The Leopard and the Fox: A Pakistani Tragedy by Tariq Ali

(First published 2006)

This short drama set in Pakistan chronicles the last years (1977-1979) of the government of Prime Minister Zulfikar Ali Bhutto, his overthrow in a military coup, and finally his execution at the hands of the military junta led by General Zia-ul-Haq through the connivance of a tainted judicial process.

BBC commissioned Tariq Ali to write the screenplay for the documentary they had planned on the said military coup leading up the execution of Z.A. Bhutto. They suddenly abandoned the project when everything was ready and the documentary was about to go on air. The BBC, as the screenwriter soon found out, was pressured by the British government to either censor the documentary, or failing that, abandon it altogether. The part where the author alleges that the United States gave the green light to General Zia-ul-haq to hang Bhutto became the bone of contention.

The US and UK were at good terms with the military junta in power because it was helping them fight the Soviet Union in Afghanistan. The intimate relations between the US-UK and Pakistani military junta could be at risk if the documentary had been aired with the “objectionable” content as it might have angered the general. The final say rested with Tariq Ali when BBC, bowing to the government pressure, offered a censored, watered-down version to him. Tariq Ali refused to budge and therefore the documentary was shelved for good. The official reason given by the BBC, however, was that the content of the documentary were potentially libelous. It was, of course, a red herring.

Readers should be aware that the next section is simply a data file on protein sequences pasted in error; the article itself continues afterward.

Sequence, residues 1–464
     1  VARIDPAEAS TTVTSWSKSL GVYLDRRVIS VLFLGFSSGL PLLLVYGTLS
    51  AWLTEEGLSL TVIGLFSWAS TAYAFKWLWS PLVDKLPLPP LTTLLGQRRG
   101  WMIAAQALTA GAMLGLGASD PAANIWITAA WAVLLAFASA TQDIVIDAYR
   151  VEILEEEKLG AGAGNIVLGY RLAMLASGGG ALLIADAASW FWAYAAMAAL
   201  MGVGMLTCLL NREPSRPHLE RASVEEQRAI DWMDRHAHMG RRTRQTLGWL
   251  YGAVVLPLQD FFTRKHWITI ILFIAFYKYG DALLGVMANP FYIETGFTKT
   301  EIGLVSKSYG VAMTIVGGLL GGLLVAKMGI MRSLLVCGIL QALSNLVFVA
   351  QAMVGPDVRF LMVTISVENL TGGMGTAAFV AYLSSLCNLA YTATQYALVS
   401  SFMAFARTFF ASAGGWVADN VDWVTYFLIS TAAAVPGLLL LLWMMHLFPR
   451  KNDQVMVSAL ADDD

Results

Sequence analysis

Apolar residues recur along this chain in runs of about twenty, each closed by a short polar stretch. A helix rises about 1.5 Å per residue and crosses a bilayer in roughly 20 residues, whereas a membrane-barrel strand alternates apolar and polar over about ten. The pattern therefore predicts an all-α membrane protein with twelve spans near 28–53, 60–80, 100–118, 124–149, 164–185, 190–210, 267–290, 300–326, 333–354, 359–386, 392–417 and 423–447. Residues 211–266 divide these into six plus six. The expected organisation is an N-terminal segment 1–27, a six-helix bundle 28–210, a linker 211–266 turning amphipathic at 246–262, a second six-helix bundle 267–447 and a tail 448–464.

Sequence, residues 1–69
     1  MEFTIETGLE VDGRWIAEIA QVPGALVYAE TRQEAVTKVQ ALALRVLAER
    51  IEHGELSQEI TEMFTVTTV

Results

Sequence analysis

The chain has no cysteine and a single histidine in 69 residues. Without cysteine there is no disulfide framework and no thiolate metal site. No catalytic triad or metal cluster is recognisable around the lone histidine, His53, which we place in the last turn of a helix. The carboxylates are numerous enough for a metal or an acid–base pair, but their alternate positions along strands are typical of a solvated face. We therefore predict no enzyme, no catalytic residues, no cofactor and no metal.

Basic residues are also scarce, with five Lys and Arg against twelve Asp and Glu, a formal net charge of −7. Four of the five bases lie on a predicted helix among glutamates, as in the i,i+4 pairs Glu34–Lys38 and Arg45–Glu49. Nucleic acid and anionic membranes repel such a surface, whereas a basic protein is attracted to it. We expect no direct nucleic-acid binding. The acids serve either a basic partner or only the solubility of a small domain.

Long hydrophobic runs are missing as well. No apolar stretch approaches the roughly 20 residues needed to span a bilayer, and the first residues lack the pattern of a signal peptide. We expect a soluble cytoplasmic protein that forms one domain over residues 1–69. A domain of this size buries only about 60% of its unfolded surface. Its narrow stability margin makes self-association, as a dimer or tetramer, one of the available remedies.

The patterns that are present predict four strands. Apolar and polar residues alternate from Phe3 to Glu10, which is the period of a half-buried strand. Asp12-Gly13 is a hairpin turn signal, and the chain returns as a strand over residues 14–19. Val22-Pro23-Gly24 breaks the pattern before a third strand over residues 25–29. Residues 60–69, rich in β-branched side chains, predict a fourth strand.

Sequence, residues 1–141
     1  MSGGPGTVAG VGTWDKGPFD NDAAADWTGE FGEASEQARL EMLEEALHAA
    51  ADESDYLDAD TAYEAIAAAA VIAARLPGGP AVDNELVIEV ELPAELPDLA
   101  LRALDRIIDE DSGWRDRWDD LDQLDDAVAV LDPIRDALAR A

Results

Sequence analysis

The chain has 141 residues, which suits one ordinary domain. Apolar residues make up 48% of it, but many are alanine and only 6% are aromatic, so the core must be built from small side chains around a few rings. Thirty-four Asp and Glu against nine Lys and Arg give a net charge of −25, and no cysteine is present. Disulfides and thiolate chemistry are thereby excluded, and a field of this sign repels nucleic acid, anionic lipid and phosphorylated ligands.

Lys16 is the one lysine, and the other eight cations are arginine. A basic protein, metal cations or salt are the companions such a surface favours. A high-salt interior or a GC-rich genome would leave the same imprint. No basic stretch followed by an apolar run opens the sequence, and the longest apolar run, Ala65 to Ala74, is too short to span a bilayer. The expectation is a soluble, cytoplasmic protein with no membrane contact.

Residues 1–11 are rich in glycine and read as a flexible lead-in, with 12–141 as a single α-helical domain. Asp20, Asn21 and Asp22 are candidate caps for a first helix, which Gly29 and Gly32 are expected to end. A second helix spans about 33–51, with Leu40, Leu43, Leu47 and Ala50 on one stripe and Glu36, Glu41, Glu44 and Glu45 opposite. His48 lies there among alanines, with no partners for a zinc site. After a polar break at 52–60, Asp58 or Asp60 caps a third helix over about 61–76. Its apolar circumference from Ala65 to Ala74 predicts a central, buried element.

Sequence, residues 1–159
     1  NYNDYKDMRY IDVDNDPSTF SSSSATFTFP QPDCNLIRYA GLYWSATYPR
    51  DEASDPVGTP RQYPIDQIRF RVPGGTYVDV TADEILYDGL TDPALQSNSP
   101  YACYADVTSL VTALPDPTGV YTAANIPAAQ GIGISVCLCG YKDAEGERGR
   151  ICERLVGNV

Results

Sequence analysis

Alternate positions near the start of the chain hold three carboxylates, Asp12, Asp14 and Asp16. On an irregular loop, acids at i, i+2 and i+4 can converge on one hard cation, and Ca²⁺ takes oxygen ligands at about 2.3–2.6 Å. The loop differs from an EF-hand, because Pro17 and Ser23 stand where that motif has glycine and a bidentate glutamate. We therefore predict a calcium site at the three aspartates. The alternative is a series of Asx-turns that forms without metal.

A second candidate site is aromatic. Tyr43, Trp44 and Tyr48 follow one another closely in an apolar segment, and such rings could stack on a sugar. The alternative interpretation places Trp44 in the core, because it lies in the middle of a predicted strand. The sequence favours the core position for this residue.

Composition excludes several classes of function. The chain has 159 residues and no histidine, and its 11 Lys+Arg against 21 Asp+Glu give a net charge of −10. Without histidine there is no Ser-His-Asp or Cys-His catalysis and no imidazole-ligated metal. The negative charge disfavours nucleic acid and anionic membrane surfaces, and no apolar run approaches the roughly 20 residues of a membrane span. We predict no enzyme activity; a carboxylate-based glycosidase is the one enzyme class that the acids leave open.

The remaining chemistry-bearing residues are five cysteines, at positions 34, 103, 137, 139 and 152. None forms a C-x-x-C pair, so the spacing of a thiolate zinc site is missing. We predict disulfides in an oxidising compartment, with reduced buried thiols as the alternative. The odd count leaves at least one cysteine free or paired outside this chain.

The play starts with the depiction of a politically charged atmosphere in the country in the aftermath of the national elections in which Bhutto is reelected for the second term in office. There is ample evidence of widespread ballot rigging. The opposition demands nothing less than fresh elections. As Bhutto government and the opposition enter into intense talks to hammer out a solution amid continued street unrest, the military led by General Zia-ul-haq, fearful of loosing its power and finances, is plotting a coup in order to get rid of Bhutto for good.

The military top brass views Bhutto with extreme suspicion and contempt. The national and foreign policies of Bhutto government are increasingly angering the United States, The army, by virtue of Cold War alliances with the United States, depends heavily on US aid for its proper functioning. Wary of Bhutto’s policies, the US threatens to withdraw its aid and/or put embargos on Pakistan if Bhutto does not change his socialist policies. Even though Pakistan is US ally in the Cold War, Bhutto during his time in office attempts to cultivate cordial relations with China as well as warm up to the Soviet Russia. This also doesn’t sit well with the US officials. Furthermore, his public proclamations to develop a nuclear bomb at any cost further jeopardises the relationship between Pakistani establishment (led by military) and the United States. This, then, becomes the raison d’être of the coup. The military wants to take advantage of the country’s current unrest and oust the prime minister.